NQO1 protein acts as a cellular protective system, on account of its role as a quinone reductase and redox regulator. Nonetheless, new NQO1 roles are emerging-including its regulation of the cellular proliferation of many tumor cells-and this enzyme has been found to relate to the incidence of various diseases, including chronic myeloid leukemia. However, the mechanisms through which NQO1 influences leukemia progression remain unclear.
The current study looks to name NQO1 as a novel molecular target that modulates DNA synthesis and chronic myeloid leukemia growth.
Our results indicate that the frequency of the T allele of NQO1 polymorphism in chronic myeloid leukemia patients is higher than that among healthy East Asian individuals (0.492 vs. 0.419) and much higher than the average level of the general population (0.492 vs. 0.289) (1000 Genomes). Functionally, NQO1 knockdown increases the protein expression of the TOP2A and MCM complex, and consequently promotes DNA synthesis and K562 cell growth. NQO1 knockdown also promotes tumorigenesis in a xenograft model. NQO1 overexpression, on the other hand, was found to have the opposite effects.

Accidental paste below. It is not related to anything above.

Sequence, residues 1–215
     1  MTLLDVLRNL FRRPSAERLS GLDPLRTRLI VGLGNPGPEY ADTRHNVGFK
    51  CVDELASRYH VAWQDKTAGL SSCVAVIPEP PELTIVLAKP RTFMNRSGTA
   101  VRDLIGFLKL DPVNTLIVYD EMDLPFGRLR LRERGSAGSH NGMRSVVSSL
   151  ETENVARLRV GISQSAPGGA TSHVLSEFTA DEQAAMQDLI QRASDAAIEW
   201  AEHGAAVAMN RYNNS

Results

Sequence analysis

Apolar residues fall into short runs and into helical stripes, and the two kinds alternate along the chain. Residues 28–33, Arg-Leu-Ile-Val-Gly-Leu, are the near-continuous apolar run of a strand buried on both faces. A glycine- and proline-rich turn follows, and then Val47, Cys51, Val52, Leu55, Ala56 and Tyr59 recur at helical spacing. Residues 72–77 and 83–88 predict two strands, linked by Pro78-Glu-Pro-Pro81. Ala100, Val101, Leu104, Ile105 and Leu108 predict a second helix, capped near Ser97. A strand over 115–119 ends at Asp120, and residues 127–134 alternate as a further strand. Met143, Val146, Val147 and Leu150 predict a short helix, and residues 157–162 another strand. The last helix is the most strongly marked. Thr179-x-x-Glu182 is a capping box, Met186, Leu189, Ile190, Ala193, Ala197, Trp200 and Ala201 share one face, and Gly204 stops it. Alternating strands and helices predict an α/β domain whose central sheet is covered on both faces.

Our results show that NQO1 downregulation promotes K562 cellular proliferation via the elevation of DNA synthesis.

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